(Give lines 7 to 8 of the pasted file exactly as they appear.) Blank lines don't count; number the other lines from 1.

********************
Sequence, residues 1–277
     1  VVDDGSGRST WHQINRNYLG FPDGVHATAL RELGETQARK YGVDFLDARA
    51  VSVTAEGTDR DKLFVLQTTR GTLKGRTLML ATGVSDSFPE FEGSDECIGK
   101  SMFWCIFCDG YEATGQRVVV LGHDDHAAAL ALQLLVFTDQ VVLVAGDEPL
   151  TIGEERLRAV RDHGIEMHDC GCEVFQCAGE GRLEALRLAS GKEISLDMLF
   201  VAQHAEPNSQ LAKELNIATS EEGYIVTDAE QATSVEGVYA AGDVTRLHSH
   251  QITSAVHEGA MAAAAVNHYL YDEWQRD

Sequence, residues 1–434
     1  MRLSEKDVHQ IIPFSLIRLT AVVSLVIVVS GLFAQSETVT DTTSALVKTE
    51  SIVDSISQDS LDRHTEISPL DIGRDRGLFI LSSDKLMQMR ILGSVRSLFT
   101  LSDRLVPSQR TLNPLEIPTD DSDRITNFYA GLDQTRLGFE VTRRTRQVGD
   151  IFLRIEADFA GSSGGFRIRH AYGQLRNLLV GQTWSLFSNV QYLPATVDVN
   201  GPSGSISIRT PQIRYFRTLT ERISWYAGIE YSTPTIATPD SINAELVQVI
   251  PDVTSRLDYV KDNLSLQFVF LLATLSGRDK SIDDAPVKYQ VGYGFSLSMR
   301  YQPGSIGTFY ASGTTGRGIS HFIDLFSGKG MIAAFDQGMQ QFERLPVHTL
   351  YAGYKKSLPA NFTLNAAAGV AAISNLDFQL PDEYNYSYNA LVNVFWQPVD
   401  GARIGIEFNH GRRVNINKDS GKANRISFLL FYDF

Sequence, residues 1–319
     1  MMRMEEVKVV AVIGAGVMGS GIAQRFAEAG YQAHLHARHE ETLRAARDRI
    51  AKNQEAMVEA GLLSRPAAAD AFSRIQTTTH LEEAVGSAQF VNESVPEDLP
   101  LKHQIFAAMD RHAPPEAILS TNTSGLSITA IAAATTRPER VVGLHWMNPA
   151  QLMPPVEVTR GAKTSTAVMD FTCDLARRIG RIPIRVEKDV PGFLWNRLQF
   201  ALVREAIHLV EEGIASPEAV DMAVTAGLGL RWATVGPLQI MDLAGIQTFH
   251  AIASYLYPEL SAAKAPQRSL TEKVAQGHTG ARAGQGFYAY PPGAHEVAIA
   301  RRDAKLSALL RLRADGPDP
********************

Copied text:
   251  QITSAVHEGA MAAAAVNHYL YDEWQRD

Sequence, residues 1–434